Former Director of National Intelligence Dennis Blair sat down with Charlie Rose for an interview airing Friday night. Per the "Charlie Rose" program, some highlights from the raw transcript are excerpted below.
"When I first came in as DNI, that question was before us. So I called for the experts to come in, got the reports, and read them, and said you know what is the most effective interrogation technique we have? When it's done under duress is that -- do you actually get true information better than if you don't use that? And the answer, Charlie, is we don't know. There has not been systematic science and work on it, and what you have are a bunch of anecdotes. Some people say yes, some people say no. So I think the question is unanswerable, if the techniques that we used back in the wake of 9/11 yielded information that could not have been gotten in another way or not....We don't. We don't know right now if putting physical stress on people makes them tell the truth more, better, faster than with not."
On Iran's nuclear intentions:
Charlie Rose: Your judgment is - that Iran will stop short of making nuclear weapons.
Dennis Blair: If I had to have one choice but I wouldn't bet my national policy on that. I would make a national policy if I were still in government that had the breadth to cover both possibilities because as I said, Iran hasn't made up its mind. We don't know who will win in this argument so we have to be ready either way.
Charlie Rose: Iran has not made up its mind.
Dennis Blair: Iran has not made up its mind. The supreme leader has not yet spoken...
I think they will pull back, add up all of the different factors -- Iran has made rational decisions in terms of pros and cons and plusses and minuses in the long run. I think they'll do the same on this one.
On Al Qaeda and the Taliban:
"The alliance between al-Qaeda leadership and Taliban leadership is very real and they are the same, they have the same goals. In fact, what's frightening is that the alliance between the Afghan Taliban, the Pakistan Taliban, who's carrying out an attack as early, as late as yesterday...The LeT, which is carrying out attacks in India. All of that group, which is in that same region, on the border between Afghanistan and Pakistan, thinks it's wonderful to blow up bombs in India, Pakistan, Afghanistan, and the United States. They trade logistics back and forth, they trade money; they trade bomb makers. And so it really is a common effort that all of us have to undertake to put them out. And they are allied with each other. You cannot allow one to be secure because it'll give aid and comfort and sanctuary to the others. So that's why the Taliban and al-Qaeda are part of the same problem, that's why we have this Afghanistan/Pakistan strategy which tries to get them both."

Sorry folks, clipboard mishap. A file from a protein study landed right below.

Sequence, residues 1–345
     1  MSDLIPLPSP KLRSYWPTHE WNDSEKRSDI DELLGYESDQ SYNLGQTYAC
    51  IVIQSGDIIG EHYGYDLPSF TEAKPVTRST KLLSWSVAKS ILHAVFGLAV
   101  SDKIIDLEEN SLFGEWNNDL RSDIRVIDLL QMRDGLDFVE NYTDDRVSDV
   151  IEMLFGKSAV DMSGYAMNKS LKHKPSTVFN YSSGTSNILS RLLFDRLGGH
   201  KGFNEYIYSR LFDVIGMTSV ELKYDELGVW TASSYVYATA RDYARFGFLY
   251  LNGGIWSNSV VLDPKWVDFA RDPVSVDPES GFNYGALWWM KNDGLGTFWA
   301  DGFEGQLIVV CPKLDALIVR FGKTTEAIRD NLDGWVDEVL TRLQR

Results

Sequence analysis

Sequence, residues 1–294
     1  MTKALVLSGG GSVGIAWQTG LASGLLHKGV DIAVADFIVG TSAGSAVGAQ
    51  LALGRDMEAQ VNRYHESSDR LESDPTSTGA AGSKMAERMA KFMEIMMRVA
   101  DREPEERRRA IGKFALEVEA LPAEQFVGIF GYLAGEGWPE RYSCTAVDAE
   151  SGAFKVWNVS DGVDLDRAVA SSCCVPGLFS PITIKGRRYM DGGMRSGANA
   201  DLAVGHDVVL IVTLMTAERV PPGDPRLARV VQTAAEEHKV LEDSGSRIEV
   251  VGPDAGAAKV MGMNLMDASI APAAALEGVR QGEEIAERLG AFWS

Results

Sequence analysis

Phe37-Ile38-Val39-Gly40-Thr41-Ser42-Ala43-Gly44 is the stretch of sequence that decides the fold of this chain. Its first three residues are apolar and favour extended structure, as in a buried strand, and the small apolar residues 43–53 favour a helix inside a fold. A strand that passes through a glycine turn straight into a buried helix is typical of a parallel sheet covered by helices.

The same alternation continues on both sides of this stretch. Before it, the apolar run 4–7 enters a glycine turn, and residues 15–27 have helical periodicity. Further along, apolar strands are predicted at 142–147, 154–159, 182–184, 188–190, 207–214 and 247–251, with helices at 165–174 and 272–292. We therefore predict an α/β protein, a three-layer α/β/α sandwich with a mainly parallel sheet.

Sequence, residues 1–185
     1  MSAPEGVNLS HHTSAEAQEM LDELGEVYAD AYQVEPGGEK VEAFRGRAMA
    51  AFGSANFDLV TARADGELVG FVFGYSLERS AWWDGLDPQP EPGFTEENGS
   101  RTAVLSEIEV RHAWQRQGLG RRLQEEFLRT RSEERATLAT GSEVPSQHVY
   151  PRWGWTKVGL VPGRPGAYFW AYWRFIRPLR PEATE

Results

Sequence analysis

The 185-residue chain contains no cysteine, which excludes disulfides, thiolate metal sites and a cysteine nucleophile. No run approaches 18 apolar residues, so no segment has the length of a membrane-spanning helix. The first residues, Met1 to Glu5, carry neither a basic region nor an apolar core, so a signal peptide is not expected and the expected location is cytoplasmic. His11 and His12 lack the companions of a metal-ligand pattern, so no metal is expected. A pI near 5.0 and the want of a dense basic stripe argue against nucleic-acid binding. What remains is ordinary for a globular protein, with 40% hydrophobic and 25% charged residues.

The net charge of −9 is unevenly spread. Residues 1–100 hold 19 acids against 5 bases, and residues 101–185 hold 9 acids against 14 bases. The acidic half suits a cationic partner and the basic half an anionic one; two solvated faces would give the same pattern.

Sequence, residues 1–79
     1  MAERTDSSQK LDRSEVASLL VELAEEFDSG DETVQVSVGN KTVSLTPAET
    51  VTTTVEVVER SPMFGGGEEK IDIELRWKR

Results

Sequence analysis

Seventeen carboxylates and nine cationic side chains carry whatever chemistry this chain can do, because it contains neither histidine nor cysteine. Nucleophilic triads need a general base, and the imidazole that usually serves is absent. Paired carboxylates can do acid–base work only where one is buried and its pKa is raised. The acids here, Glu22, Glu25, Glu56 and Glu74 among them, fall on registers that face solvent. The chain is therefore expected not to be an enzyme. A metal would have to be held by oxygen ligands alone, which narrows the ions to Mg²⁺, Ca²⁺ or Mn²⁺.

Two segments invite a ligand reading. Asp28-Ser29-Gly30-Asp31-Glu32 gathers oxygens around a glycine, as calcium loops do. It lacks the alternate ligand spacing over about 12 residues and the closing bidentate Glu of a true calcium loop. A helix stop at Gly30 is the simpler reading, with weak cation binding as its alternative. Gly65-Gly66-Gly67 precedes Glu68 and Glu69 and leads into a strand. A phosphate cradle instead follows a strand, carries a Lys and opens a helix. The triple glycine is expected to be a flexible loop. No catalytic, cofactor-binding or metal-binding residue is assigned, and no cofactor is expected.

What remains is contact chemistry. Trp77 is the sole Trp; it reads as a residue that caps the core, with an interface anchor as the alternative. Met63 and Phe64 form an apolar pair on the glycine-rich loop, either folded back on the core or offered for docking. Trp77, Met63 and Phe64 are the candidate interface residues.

On tangles with the CIA and DNI authorities:
"I inherited this issue also. It had been kicking around the intelligence agencies for a year or so. So I called in some people, checked on what all the different agencies thought and I thought that I would assign a director [spelled phonetically]. In the great majority of the cases it would be station chief but on occasion it might not be. It's up to the DNI to make that decision. You know, the CIA appealed to the White House and the White House felt it should be the station chief. You know, it distracted a lot at an early stage. It wasn't a fight or an issue that I sought. This one was an issue I inherited. But in retrospect, you know, I wish it hadn't come up so we could have gone on to other things."
On his tenure:
"I'd say the things that I was trying to do that turned out not to be entirely politically correct were for improvement of the intelligence community as I saw it. Maybe I was a little naïve on some of the bureaucratic political aspects of it. But I think they were right from the point of view of integrating and I think they'll eventually come to pass as we get our intelligence agencies tighter and better integrated. Maybe I was a little bit early."
On restructuring the CIA:
"I still think the right structure is with the DNI overseeing it. Just some examples. The CIA does human intelligence and it does analysis. Those are the two pieces. That's an odd sort of combination for -- no other country has it that way, and it's really a product of history. Most of our intelligence, now, an increasing proportion, comes from the National Security Agency, with all of the information that's going on the internet and on the global information network."
"I think maybe there are some developments there, in which our all-source analysts, who are the best of which and the largest part of which are in the CIA, some of them are in DIA, ought to be put together in an analytical agency. CIA perhaps becomes simply a human collection agency as the National Security Agency is a signal intelligence collection agency. And the National Geospatial Agency does the interpretation of pictures in various wavelengths. And then bring that all into an analytical agency, all of that being orchestrated by the DNI."